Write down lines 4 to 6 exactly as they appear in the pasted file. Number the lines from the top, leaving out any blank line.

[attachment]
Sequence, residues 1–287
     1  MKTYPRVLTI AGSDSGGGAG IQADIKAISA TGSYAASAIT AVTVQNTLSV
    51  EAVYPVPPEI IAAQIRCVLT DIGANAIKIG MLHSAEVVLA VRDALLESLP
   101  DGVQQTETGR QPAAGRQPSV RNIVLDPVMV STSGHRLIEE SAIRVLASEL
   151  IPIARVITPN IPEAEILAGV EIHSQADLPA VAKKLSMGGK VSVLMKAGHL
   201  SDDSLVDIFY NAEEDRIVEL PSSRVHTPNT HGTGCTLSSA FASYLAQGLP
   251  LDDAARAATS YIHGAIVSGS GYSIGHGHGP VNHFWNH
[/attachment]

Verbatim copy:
   101  DGVQQTETGR QPAAGRQPSV RNIVLDPVMV STSGHRLIEE SAIRVLASEL
   151  IPIARVITPN IPEAEILAGV EIHSQADLPA VAKKLSMGGK VSVLMKAGHL
   201  SDDSLVDIFY NAEEDRIVEL PSSRVHTPNT HGTGCTLSSA FASYLAQGLP